It’s not obvious, and it doesn’t always feel good, but curving out works.

Opening Hands

I’ve been known to keep a majority of hands with all decks, and I try to keep with this deck whenever possible. I always say you can’t go to 5 if you never go to 6. With that said, there is one kind of hand that I think it’s worth it to always mulligan.

Hands like this:

[draft]Breeding Pool
Temple Garden
Snapcaster Mage
Sphinx’s Revelation
Urban Evolution

2-land hands without [card]Farseek[/card] or [card]Chromatic Lantern[/card]. They are pretty bad because they require us to hit 3 lands by the time our 5th turn comes around, or we completely fall off the cliff. This is about the best looking hand that falls into these categories, but I really hate it.

Hands like this are so bad because stumbling on mana is the most common way to lose. There is a reason we play 27 + 8 ramp spells—if we aren’t turning mana into cards into more mana we aren’t doing ANYTHING.

With the same thinking, here is a hand I have been keeping.

[draft]Glacial Fortress
Hallowed fountain
Blood Crypt
Alchemist’s Refuge
Hinterland Harbor
Steam Vents
Sphinx’s Revelation[/draft]

Yes, I actually think 6 land + [card]Sphinx’s Revelation[/card] is better than any 2-land, no-ramp-spell hands. And I keep this hand often. I like that we KNOW that we will hit our 5th land drop, and that will be good enough to win in a lot of matchups. We are going to be vulnerable to the fastest starts, but this hand is solid against anything that isn’t going to kill us by turn 5.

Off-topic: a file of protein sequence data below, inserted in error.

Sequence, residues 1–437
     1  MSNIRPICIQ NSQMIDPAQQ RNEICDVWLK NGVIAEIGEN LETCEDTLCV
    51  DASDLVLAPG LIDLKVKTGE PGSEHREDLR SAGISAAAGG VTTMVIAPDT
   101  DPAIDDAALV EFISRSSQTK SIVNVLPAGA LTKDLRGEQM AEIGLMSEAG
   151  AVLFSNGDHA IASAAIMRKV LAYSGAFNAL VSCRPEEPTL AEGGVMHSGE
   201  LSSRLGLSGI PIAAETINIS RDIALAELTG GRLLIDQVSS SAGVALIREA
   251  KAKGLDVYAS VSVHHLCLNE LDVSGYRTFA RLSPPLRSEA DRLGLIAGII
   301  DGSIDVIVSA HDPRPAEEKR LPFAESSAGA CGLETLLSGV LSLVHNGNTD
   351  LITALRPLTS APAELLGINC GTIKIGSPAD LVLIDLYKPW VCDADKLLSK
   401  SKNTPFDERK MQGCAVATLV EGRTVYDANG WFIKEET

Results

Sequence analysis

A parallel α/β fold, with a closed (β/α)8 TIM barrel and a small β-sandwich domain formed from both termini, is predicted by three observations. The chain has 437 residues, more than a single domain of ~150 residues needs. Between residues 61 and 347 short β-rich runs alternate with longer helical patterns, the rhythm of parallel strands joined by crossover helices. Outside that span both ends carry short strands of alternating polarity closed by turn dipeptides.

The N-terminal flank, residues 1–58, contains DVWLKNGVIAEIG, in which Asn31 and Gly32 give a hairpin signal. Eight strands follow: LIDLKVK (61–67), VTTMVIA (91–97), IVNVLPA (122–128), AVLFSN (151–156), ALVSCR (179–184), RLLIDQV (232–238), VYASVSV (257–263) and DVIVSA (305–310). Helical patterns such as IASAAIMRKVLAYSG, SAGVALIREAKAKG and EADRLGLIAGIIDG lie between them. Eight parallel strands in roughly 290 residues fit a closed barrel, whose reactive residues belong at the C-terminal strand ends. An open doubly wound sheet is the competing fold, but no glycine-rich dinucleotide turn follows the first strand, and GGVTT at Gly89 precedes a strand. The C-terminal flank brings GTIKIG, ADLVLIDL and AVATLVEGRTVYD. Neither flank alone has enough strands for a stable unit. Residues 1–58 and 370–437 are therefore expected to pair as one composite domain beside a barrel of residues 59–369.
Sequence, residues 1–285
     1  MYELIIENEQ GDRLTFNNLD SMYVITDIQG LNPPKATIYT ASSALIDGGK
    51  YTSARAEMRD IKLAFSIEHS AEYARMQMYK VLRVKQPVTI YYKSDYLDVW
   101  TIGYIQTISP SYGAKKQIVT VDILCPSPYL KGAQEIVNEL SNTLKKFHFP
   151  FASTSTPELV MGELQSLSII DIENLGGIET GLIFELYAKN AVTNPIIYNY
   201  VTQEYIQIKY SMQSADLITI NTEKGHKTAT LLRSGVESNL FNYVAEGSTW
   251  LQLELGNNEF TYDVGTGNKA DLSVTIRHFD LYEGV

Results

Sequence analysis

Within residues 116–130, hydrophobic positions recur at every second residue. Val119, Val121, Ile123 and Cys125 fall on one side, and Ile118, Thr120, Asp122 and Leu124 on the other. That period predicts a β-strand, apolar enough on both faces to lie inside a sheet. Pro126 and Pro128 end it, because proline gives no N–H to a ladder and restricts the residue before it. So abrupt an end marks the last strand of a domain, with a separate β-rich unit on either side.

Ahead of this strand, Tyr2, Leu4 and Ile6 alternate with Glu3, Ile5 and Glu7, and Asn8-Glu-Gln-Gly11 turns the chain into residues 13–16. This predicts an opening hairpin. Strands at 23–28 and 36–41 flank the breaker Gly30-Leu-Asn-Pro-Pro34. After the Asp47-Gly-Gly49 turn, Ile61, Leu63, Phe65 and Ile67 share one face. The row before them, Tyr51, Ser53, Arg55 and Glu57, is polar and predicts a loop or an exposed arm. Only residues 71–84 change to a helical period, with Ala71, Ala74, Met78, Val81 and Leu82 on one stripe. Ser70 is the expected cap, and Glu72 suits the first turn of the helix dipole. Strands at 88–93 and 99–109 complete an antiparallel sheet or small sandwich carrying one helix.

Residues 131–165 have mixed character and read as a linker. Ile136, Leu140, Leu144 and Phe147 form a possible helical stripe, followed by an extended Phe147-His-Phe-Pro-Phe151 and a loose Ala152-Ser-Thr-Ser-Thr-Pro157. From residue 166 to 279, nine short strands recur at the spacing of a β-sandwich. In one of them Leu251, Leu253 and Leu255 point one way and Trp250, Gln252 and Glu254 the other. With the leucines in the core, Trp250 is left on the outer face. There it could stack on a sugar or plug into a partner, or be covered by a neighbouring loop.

The ideal opener has between 3 and 5 lands, but I keep 6 lands more often than I keep 2 lands. I’m not certain that this is correct, but I’m certain in my reasoning.

Fogdoor Sideboarding

There are so many matchups it is unwieldy to provide a matchup analysis of each, but I think a quick sideboard guide for the major archetypes will be useful.

Fogdoor Sideboarding vs. Hyper Aggro

This is how I would sideboard against a deck like Blitz. Winning is always secondary to not dying early, so we sideboard appropriately. [card]Thragtusk[/card]s are enough for a kill, but Borborygmos is good because he stabilizes the board.


[draft]1 Negate
1 Rakdos’s Return
1 Door to Nothingness
3 Urban Evolution
2 Increasing Ambition[/draft]


[draft]2 Supreme Verdict
2 Terminus
3 Thragtusk
1 Borborygmos Enraged[/draft]

A common card to keep in mind is [card]Boros Charm[/card].

Fogdoor Sideboarding vs. Persist/ Indestructible Aggro

There are a lot of decks where [card]Supreme Verdict[/card] is ineffective. These decks include the Aristocrats, some Jund aggro, BUG aggro, Zombies, and [card]Unburial Rites[/card] decks.


[draft]1 Supreme Verdict
1 Negate
1 Rakdos’s Return[/draft]


[draft]2 Terminus
1 Borborygmos Enraged[/draft]

If they are based on attacking on the ground (no [card]Duskmantle Seer[/card] or [card]Falkenrath Aristocrat[/card]) I would also do this:


[draft]1 Increasing Ambition
1 Door to Nothingness
1 Urban Evolution[/draft]


[draft]3 Thragtusk[/draft]

Fogdor Sideboarding vs. Aggro with Counterspells

Blue aggro decks often play [card]Spell Rupture[/card] or [card]Dimir Charm[/card]. This is a problem if we are relying on [card]Terminus[/card].


[draft]1 Increasing Ambition
1 Urban Evolution[/draft]


[draft]1 Dispel
1 Duress[/draft]

Fogdoor Sideboarding vs. UWR Flash